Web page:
A girl and boy meet at a bookstore in Iran. Sixty years go by.
Tinged with love and sadness, Marjan Kamali’s new novel ‘The Stationery Shop’ is an ode to an Iran that no longer exists.
I’ve been waiting to read Marjan Kamali’s new novel ever since she appeared on a Monitor panel at the Boston Book Festival. What hooked me was the following passage, which she said she almost cut from her first novel, “Together Tea”:
“She knew how to swing her legs on that hyphen that defined and denied who she was: Iranian-American. Neither the first word nor the second really belonged to her. Her place was on the hyphen. ... On the hyphen she would sit, and on the hyphen she would stand, and soon, like a seasoned acrobat, she would balance there perfectly, never falling, never choosing either side over the other, content with walking that thin line.”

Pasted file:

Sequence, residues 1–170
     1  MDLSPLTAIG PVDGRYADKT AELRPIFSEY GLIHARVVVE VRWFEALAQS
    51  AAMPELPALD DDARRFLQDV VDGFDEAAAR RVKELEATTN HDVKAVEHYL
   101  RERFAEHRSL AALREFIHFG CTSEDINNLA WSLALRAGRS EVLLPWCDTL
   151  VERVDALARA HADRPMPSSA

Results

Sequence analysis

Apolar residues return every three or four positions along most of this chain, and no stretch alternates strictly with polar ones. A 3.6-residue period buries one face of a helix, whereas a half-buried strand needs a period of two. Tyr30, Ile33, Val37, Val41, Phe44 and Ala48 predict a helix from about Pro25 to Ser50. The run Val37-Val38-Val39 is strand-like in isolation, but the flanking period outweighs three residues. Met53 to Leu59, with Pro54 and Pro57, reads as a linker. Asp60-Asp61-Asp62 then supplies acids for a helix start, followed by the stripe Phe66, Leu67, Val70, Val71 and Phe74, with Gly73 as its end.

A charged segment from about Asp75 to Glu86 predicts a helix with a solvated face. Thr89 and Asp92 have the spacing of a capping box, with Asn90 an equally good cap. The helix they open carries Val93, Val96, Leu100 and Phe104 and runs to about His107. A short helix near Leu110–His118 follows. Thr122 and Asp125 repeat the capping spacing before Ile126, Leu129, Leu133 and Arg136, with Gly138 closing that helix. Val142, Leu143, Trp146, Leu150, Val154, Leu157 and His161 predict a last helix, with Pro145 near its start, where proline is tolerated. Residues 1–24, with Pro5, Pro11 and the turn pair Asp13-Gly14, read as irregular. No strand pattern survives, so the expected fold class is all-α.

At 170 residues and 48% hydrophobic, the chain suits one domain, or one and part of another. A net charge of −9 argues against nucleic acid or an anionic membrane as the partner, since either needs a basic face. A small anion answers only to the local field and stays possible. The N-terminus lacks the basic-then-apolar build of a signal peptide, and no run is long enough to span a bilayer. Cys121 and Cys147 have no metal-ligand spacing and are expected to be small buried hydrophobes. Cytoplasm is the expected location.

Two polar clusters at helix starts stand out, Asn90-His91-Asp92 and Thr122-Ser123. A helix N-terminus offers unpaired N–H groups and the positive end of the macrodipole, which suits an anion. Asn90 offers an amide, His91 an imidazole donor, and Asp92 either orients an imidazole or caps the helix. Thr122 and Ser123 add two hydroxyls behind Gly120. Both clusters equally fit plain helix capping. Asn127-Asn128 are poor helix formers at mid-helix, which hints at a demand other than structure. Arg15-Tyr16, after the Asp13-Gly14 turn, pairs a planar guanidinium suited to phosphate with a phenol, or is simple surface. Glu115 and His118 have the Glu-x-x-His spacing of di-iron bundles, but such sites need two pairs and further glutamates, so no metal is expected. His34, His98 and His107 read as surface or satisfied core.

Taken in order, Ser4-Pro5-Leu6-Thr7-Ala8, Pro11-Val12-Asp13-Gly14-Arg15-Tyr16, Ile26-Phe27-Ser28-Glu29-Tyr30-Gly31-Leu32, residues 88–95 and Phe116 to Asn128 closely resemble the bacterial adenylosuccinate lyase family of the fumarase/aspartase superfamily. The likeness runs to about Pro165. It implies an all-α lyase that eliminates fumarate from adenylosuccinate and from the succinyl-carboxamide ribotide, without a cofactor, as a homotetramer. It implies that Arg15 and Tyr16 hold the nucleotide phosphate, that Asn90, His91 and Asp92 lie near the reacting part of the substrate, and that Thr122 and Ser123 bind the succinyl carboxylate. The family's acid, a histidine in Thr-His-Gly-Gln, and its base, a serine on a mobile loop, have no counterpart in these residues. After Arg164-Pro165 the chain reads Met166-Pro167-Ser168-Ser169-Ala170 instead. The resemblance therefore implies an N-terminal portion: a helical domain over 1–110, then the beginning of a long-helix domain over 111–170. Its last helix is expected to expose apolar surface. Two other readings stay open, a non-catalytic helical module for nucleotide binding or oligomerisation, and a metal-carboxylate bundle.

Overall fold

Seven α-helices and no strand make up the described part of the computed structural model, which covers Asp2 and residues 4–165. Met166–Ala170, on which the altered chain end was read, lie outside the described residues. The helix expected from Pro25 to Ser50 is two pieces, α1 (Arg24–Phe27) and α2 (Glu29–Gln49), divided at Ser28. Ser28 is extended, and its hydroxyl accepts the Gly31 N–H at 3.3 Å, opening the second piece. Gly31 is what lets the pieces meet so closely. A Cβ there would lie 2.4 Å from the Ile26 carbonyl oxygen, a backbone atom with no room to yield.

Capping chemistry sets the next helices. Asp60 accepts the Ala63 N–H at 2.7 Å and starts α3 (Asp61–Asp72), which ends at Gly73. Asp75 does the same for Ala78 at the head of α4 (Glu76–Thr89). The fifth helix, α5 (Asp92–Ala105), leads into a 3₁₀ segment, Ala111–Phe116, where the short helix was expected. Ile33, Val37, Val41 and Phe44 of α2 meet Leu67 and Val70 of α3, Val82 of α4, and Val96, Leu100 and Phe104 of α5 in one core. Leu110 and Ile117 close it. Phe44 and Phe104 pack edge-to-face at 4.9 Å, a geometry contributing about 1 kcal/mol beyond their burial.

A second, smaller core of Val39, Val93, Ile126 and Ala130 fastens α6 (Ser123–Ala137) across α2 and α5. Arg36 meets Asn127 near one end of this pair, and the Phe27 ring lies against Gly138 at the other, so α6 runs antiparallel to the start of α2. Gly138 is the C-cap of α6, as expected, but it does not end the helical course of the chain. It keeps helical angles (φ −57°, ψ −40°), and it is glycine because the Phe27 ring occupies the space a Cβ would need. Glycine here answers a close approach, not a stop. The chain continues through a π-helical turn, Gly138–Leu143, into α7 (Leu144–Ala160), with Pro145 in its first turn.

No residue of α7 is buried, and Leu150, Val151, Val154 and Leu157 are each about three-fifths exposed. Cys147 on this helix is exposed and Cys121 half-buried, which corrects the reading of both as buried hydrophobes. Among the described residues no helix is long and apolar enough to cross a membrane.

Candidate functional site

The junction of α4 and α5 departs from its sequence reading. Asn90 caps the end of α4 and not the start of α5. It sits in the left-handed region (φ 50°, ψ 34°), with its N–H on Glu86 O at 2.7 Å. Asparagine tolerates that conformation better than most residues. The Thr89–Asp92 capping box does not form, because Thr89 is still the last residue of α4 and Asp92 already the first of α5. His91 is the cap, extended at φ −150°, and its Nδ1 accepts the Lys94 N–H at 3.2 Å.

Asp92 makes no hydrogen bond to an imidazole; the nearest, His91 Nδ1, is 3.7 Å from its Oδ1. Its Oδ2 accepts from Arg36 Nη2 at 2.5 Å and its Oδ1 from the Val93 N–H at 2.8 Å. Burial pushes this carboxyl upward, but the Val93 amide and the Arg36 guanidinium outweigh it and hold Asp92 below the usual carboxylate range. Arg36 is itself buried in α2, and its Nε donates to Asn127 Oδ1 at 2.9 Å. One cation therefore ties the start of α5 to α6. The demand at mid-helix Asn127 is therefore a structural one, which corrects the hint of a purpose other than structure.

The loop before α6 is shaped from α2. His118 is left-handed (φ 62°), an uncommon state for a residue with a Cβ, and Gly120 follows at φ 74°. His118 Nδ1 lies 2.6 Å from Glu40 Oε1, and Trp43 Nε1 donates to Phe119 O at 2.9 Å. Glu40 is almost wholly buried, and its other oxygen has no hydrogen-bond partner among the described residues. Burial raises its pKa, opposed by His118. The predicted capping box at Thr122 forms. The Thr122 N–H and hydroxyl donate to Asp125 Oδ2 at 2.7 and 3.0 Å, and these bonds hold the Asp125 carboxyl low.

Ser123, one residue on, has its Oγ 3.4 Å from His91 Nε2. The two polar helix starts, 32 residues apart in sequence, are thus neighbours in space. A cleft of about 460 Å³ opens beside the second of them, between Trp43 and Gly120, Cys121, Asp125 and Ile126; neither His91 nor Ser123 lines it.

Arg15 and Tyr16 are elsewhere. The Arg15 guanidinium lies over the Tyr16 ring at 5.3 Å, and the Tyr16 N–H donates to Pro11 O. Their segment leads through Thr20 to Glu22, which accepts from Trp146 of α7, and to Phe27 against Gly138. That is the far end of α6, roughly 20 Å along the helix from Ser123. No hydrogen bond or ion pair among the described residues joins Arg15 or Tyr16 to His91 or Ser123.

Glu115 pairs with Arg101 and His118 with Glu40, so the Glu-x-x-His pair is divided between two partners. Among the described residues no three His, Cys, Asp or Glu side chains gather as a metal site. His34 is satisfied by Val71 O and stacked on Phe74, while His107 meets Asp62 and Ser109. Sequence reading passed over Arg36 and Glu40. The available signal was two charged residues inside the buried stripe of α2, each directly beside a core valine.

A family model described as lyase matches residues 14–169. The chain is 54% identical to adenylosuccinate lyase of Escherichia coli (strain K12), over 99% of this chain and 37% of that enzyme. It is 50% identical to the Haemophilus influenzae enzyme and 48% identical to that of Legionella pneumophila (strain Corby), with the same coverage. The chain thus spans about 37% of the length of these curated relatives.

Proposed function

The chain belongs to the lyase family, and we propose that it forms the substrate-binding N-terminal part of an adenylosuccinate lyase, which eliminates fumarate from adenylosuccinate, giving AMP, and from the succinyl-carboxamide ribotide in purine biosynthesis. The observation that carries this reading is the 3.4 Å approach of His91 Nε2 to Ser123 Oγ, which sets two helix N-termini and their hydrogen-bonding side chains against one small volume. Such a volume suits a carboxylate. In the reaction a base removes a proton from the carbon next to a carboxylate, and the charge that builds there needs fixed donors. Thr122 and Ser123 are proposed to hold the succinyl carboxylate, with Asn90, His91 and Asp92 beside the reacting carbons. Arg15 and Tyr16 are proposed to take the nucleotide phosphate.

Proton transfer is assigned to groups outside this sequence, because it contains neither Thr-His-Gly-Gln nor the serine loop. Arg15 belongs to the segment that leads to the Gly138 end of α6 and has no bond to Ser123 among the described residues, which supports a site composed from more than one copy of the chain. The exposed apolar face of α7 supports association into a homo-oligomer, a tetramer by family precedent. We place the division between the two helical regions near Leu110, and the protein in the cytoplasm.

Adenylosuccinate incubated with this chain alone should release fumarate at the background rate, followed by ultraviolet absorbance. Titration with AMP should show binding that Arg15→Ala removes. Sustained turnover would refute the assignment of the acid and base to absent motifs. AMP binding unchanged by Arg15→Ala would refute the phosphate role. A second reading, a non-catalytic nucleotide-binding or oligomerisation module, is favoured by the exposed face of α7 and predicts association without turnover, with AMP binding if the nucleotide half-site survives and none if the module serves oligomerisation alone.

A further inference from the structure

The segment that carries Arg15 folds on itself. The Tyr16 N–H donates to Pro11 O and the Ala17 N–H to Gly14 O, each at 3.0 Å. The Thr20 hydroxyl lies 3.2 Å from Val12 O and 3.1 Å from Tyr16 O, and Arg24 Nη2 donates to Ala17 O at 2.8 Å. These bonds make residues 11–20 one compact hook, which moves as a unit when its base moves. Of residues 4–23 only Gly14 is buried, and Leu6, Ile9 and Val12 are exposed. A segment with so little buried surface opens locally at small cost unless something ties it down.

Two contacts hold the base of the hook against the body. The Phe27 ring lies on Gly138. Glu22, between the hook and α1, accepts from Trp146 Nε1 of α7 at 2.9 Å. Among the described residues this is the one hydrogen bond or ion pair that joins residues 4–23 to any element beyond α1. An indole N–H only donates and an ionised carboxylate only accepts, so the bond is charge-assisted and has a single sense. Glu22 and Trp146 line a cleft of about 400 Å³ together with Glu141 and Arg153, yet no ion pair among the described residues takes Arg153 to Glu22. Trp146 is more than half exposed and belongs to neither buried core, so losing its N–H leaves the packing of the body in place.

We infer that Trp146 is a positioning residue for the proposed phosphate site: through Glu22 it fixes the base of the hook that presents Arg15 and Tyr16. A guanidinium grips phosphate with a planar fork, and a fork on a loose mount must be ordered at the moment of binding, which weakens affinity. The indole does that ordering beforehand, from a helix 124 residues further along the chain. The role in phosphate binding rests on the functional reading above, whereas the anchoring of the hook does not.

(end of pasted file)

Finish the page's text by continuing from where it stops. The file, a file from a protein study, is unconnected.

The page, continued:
“The Stationery Shop” is a wistful look at two idealists and the world they should have inherited. Reading it this summer is an experience filled with echoes, as tensions between her characters’ homeland and their adopted country ratchet ever higher.
The bittersweet love story takes place in Iran in 1953, when a U.S.-backed coup replaced a democratically elected government with the authoritarian shah. In a Tehran bookstore, a girl named Roya falls in love with a boy named Bahman at a time when hope felt logical and the future seemed ripe with possibility. After the twin catastrophes of political violence and Bahman’s mother, the two are separated, and Roya leaves for the United States and the promise of education.
In 2013, the two meet again in another bookstore in the U.S. As they fill in the pieces of what happened, Kamali offers a paean not just to lost love, but to the poetry, food, and culture that fed their memories for 60 years.